Books for the wounds of mother tongue

“Education in Mother Tongue and Minority Rights”, “Minorities and the Right to Education in Mother Tongue in International Law” and “The Mother Tongue Wound” are only a few examples of contemporary books that address languages in danger and their potential solutions.

Education in Mother Tongue and Minority Rights is a book compiling articles written by authors Ali İhsan Aksamaz, Şükrü Güvenç, Kemal Kök, Eyüp Demir and Turabi Saltık who are renowned for their works on folk cultures and their history.

While embracing each folk culture and their histories, the book also opens their demands and cultural needs to discussion and concludes by emphasizing socio-political emancipation struggle which takes its power from the working class as the ultimate solution. The book also takes into account the scientific aspect of these issues.

We find the following information on the rear cover:

“Education in mother tongue, minority rights and cultural rights have been dealt as national problems; ethnicity and cultural rights have been brought to the forefront of this discussion. However, it has to be noted that the discussions and solutions regarding these issues are political. Since this crucial topic is not discussed in an open, democratic and free environment, on the one hand it is cornered by the conservative, retrogressive and reactionary siege, thus stripped from its genuine essence; and on the other hand we encounter this topic among those who reduce it into a mere slogan.”

The political aspect at the forefront of the mother tongue issue

Süleyman S. Terzioğlu is another author that discusses the mother tongue issue in his work. In his book Minorities and Right to Education in Mother Tongue in International Law he states that the minority rights issues are both a global and a national phenomenon that is relevant to our times and will remain so.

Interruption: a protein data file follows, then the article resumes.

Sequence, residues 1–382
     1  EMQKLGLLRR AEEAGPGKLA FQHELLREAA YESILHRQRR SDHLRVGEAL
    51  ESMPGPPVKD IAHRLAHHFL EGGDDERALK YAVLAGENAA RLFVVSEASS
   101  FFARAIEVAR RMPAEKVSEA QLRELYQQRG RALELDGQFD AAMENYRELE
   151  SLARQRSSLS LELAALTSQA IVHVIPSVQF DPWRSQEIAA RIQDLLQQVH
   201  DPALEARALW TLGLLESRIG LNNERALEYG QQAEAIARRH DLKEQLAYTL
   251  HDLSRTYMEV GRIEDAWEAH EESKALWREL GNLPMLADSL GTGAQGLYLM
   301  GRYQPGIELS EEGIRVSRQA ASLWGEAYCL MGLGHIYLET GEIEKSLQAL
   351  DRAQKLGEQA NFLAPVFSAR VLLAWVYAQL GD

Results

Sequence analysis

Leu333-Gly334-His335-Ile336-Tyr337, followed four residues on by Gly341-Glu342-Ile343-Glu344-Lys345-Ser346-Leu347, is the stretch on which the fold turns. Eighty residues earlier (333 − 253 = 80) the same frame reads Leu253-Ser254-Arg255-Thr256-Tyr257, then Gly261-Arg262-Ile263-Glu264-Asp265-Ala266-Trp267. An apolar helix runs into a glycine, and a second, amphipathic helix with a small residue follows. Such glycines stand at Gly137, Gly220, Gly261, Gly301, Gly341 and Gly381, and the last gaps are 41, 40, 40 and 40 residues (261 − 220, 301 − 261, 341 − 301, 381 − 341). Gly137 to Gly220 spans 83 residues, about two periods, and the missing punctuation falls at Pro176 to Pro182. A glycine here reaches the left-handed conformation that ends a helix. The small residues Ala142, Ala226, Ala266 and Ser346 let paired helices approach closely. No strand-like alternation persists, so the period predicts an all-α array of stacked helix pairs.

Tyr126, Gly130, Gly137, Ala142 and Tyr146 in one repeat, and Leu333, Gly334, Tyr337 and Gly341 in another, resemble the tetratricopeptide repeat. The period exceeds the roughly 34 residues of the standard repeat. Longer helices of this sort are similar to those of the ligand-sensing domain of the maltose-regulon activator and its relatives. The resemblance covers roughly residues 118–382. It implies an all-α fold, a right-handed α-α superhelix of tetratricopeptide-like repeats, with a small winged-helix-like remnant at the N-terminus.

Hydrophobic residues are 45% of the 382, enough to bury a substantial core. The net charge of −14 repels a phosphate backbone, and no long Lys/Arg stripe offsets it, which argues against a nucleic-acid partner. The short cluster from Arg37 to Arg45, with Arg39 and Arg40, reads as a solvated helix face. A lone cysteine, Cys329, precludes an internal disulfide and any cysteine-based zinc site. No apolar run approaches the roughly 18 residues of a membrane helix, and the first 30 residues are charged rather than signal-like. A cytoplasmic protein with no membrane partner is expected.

The book underlines that the current discussion in Turkey remains on a political level, completely neglecting the legal aspect. The introductory text for this book which aims at providing a legal basis in order to contribute to a healthier political discussion includes the following statements:

“Discussions that are conducted in the lack of judicial information merely engenders contentious rhetoric instead of moving towards healthy solutions. In this respect, we have thought that considering education in mother tongue which is a major part of linguistic rights would prove useful. Finally, we aimed at drawing attention to a long neglected issue, the right to education in mother tongue for the Turks abroad.”

The book is separated into five main chapters: “Concept of Minority in International Law and the Historical Development of Protection of Minorities in the International Arena”, “Right to Education and its Scope in Turkish and International Law”, “Right to Education in Mother Tongue as a Linguistic Right”, “Education in Mother Tongue for Minorities of Turkey” and “Right to Education in Mother Tongue for the Turks Abroad”.

The Development of a Multi-linguistic Educational Approach

DISA’s own study, The Language Wound, aims at pointing out to the political, social, economic, psychological, educational and linguistic depredations of not using the Kurdish language in the educational system as well as remedying this situation by contributing to the measures that might dissolve these depredations.

While indicating the problematic political legacy of Turkey, the Language Wound identifies the problems this legacy continues to engender. Following this, the book is a piece that provides short and midterm solutions for this problem by observing experiences of different countries and also utilizing theoretical analyses procured from fieldwork data.

The introduction of the book is as follows: “The Language Wound hopes to contribute to the development of a multi-linguistic educational approach in Turkey which also includes the usage of Kurdish as one of the languages of instruction as well as providing a basis for the ongoing and deepening debate around education in mother tongue.” (ELV/EKN)

Comments are closed.